SAN JUAN, RGV – Senate Bill 4 does not take effect until September but it is already having an impact on attendances at mobile health clinics in the Rio Grande Valley, say healthcare specialists.
Ciara Ayala, outreach and special projects coordinator for La Unión del Pueblo Entero, said there has been an “alarming” reduction in the number of mothers and children utilizing the group’s “Health on Wheels” program.
As a result, she said, LUPE may have to move the clinics away from community centers and schools and into churches.
“I oversee the “Health on Wheels’ program, which includes mobile clinics. We have a team from across the Valley, from Alton to Brownsville. Their job is to connect the community with access to healthcare. We do that by taking mobile clinics into colonias and low-income neighborhoods, where healthcare need is greatest. We are trying to overcome some basic obstacles like transportation or lack of documentation,” Ayala explained.
“When we started this program last year it was a huge success. We were seeing numbers increase every month, with the number of patients that would come into our clinics. There was a very steady increase until November and December of 2016. That is also the time when we changed presidents. What we have seen, going into 2017, is a decrease in patient turnout at clinics across the Valley.”
So, everyone is getting healthier, they don’t need your help, a reporter asked. “We would hope, but probably not,” Ayala responded.
While attendances at LUPE’s mobile clinics dropped around the time President Trump took office, it deteriorated at a much greater rate in April, Ayala said, when news coverage of Senate Bill 4 heightened. The legislation, deemed a priority by Gov. Greg Abbott, allows local law enforcement to ask the immigration status of residents they stop.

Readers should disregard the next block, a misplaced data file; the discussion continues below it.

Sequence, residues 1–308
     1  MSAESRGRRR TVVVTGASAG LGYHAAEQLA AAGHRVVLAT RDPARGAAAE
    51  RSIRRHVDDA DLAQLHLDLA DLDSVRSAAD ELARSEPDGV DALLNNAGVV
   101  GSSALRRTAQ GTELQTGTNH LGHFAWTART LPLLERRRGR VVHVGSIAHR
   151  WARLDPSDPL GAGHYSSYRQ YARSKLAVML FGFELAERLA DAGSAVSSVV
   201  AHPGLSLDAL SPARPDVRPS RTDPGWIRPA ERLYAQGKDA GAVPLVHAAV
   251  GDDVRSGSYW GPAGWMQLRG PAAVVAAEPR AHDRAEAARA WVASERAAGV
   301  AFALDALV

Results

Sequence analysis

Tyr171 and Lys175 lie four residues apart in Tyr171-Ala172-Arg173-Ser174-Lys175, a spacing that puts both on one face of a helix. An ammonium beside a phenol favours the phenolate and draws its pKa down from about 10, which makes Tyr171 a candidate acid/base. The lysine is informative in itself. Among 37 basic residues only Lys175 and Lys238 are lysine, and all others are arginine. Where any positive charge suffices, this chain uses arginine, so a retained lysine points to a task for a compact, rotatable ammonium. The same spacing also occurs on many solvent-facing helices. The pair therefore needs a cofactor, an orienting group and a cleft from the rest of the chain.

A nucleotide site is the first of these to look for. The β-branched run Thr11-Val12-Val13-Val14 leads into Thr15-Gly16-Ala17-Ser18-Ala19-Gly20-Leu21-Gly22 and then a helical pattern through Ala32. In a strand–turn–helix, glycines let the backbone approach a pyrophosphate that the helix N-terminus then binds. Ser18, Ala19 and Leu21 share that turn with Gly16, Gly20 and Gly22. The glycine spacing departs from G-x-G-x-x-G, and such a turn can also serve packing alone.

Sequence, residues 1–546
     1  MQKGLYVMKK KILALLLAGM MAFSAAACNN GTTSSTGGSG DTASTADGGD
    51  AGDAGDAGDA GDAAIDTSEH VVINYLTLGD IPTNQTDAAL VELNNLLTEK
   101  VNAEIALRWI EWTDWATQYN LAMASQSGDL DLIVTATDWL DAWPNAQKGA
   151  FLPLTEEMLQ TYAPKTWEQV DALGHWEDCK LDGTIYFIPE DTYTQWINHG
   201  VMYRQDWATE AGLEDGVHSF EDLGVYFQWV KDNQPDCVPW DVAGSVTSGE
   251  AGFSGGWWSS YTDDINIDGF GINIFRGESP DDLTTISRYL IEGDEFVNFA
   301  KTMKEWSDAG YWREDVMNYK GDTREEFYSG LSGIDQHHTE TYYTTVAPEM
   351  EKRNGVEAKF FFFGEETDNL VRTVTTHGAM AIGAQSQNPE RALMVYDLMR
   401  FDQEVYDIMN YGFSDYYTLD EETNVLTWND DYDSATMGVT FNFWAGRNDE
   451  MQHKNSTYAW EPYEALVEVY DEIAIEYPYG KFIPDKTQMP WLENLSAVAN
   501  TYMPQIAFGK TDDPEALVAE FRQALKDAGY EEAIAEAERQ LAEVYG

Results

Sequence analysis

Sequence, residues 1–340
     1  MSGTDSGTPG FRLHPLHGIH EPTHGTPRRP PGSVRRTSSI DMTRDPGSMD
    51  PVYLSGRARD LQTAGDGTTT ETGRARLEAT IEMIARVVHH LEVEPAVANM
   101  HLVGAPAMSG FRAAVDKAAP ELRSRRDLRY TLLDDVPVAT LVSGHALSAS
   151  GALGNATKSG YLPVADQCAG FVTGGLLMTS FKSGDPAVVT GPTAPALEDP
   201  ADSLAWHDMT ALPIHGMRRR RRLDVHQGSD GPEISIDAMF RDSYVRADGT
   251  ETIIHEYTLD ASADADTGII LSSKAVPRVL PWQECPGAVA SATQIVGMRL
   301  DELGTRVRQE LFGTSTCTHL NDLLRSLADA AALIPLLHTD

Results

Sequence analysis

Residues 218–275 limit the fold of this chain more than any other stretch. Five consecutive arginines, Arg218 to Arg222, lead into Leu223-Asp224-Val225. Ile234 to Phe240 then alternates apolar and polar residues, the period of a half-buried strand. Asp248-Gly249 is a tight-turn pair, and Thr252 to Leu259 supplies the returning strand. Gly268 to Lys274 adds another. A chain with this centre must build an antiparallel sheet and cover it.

“So, patient turnout has been very low. Then we started noticing around the end of April that it was getting dramatically low. Some clinics were only seeing three patients a day, whereas before we were seeing upwards of 20 patients. This was a very serious concern to us and our program so we started asking around,” Ayala said.
“Overwhelmingly, the response from the community was that people are afraid, plain and simple. There are a lot of anecdotes from people who have experienced this fear. So, for example, there was a clinic at a community center and it got no patients because there is a Border Patrol agent parked right in front of the colonia. So, no one was going to come out.”
Ayala said when low-income families who lack health insurance do not visit LUPE’s mobile clinics, the health of the family deteriorates.
“It is really affecting not only our program but, I am sure, (other healthcare) programs across the Valley. The bigger impact is it is affecting people’s health. Not only are you not accessing healthcare, like a basic doctors’ visit, but living with fear and anxiety is an added burden on you, especially when it comes to your health. People are waking up and wondering, where am I going to be tomorrow. What is going to happen today, what is going to happen to my family. This is a serious issue we are trying to overcome,” Ayala said.